The Moving Temple:

Conspicuous and Consecrated Space in Communitas

Temples are sites bound in meaning, whether in relation to specific rituals, cultures, or religions. Their meaning exists continually outside the temporality of specific events. The invocation of spirit persists outside of time, whereas a body’s presence in space is dependent on a moment. Temples are physical and spatial markers of belief. Yet, when the structure itself is impermanent—when the Temple moves—how does it impact the relationship of space, time and belief? How do spiritual aesthetics, and aesthetics as spiritual encounters, express the values of a group? How does a community find holiness in a place? How is space created as ritual and for ritual? How does the creation of space fulfill a religious need within a given community?

The Tasseograph Trash Tea Temple is a sculptural object constructed from found and reclaimed objects. The temple is a non-permanent structure that is repeatedly re-located and installed at numerous popular and counter-cultural festivals. It is a monument to conspicuous consumption utilizing a mode of assembled repetition. This aesthetic of abundance can be used as a lens with which to view the communities in which the temple emerges. How does it reflect the ideals, ethics, and spiritualism of counter-cultural, festival communities? At the site of the Tasseograph Trash Tea Temple, I address issues of material aesthetics through the performance of an emergent space created as ritual. I explore the meaning, function and experience of the space on the gendered body, the transcendent body, and the imaginary body.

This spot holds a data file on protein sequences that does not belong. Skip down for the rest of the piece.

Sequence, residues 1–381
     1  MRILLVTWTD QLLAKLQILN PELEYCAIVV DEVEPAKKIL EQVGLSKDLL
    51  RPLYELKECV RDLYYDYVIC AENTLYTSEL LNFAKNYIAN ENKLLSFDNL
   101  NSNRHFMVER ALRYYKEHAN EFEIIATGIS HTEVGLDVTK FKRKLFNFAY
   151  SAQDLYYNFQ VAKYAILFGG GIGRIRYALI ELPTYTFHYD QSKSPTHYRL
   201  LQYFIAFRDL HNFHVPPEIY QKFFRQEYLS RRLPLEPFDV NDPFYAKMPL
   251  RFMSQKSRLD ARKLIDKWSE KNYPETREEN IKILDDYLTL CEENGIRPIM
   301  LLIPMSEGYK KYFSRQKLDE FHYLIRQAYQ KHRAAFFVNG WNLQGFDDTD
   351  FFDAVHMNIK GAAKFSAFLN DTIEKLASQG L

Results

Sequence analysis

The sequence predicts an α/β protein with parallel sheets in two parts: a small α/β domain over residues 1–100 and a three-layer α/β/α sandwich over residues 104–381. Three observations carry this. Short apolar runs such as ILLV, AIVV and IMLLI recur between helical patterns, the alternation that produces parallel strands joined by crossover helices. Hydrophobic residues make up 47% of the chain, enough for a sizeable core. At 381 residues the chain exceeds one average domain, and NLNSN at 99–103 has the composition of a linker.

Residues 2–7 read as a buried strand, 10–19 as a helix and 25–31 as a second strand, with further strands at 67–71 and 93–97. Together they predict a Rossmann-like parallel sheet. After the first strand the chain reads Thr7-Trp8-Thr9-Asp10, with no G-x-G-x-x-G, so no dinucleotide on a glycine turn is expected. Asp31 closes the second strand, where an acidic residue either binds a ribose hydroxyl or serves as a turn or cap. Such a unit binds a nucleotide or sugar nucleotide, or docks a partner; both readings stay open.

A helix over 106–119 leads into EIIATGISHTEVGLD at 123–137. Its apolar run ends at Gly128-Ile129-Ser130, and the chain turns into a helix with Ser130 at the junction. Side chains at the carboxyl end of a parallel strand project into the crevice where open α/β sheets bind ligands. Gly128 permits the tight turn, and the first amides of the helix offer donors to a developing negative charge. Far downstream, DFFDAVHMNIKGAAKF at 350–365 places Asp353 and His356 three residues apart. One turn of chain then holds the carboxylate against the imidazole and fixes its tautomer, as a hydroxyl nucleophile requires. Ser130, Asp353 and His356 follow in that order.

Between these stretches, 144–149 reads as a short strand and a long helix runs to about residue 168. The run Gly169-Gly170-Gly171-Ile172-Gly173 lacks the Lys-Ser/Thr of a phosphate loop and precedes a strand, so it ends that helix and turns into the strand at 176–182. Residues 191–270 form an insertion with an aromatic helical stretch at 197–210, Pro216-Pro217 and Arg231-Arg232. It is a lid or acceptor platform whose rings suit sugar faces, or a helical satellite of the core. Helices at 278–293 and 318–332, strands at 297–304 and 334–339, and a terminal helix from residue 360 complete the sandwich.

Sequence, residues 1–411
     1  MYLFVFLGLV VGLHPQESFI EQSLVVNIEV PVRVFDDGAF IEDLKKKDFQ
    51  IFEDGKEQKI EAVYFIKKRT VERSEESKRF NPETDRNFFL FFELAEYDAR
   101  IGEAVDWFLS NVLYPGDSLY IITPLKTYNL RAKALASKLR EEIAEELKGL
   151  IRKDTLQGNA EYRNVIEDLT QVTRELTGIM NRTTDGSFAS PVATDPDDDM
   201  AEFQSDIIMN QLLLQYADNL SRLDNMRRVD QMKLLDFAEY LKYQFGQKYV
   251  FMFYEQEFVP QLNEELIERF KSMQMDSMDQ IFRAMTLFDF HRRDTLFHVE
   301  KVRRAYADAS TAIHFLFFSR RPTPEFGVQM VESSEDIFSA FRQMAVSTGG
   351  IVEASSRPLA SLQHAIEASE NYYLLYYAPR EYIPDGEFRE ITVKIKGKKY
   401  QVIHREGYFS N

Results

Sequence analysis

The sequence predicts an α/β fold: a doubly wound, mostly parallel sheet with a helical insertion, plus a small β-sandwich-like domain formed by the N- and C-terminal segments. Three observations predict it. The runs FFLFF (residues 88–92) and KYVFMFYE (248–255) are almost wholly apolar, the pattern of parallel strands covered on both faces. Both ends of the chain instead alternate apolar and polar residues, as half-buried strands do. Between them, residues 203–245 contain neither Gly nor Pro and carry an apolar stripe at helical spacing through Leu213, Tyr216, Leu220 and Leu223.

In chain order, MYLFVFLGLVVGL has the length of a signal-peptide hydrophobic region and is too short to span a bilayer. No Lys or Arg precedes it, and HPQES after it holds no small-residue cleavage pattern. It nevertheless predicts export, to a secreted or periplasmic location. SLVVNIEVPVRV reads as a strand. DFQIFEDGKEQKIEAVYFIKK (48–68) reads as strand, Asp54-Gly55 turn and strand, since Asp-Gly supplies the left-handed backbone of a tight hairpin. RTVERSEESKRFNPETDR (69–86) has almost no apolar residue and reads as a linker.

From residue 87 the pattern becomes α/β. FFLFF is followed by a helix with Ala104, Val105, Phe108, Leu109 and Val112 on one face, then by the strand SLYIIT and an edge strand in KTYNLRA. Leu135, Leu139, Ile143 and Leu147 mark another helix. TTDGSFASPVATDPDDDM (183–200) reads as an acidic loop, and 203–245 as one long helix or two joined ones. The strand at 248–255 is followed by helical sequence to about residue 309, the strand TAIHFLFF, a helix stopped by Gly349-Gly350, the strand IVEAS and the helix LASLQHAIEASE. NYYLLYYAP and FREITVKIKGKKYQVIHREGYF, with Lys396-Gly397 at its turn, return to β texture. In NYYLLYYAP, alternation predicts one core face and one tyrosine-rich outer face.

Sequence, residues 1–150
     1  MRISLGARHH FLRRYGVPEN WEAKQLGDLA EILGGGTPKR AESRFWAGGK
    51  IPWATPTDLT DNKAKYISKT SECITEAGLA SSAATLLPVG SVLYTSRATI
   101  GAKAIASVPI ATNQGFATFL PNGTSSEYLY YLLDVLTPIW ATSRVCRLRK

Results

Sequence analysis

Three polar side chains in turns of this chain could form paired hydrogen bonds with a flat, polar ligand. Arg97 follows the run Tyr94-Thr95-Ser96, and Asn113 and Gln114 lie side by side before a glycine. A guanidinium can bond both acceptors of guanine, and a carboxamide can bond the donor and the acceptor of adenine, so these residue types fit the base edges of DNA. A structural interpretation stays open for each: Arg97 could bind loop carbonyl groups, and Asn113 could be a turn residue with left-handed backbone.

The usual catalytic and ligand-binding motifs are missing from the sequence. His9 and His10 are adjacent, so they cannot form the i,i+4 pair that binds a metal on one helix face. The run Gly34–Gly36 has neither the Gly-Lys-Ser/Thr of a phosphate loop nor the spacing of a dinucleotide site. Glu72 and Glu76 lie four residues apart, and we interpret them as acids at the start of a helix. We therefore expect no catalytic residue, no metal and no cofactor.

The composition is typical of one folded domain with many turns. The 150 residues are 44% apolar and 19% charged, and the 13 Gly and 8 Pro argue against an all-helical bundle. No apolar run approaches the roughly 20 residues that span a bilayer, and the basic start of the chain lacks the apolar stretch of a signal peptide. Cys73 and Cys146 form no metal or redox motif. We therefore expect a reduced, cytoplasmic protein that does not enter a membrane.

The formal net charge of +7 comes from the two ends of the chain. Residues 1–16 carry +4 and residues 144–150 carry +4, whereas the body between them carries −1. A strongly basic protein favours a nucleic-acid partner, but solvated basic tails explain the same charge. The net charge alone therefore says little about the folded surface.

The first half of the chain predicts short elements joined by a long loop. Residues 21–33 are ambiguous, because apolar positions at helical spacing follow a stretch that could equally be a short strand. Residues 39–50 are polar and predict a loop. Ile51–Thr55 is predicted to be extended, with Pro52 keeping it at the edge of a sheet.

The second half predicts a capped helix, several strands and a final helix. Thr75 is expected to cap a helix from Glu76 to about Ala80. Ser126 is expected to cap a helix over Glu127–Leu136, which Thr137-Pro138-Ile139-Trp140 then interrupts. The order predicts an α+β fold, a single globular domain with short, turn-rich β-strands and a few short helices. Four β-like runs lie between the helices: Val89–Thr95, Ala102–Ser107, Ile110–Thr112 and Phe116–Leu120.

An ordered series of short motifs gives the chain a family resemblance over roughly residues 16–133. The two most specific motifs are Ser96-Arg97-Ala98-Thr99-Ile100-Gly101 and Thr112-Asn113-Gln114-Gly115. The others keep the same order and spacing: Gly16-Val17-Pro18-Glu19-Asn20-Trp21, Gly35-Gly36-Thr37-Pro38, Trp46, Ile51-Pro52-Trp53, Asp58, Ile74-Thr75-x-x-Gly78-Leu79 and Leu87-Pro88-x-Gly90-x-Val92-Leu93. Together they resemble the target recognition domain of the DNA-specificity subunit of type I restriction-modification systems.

Through the naming of the sculptural object as a space of spiritual significance, the engagement of bodies in that space is altered. The objects transcend their conventional uses. Recognition of the banality of material utilized in the temple’s construction (primarily that of trash collected from kitchens, construction sites, and dumps) creates a reaction of memory for the visitor. The material assumes a collective identity beyond its tacit utility, and in the case of the temple’s primary material, that of trash, from its apparent dis-function; thus moving the material from its existence as profane into a realm of the sacred.

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